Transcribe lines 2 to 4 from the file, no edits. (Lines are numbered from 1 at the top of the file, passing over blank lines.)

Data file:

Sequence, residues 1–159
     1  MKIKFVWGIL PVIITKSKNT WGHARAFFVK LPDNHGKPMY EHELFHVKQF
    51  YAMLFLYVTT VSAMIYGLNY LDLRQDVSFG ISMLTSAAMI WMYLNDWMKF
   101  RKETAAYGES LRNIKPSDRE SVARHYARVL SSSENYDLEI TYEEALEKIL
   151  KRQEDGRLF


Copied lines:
     1  MKIKFVWGIL PVIITKSKNT WGHARAFFVK LPDNHGKPMY EHELFHVKQF
    51  YAMLFLYVTT VSAMIYGLNY LDLRQDVSFG ISMLTSAAMI WMYLNDWMKF
   101  RKETAAYGES LRNIKPSDRE SVARHYARVL SSSENYDLEI TYEEALEKIL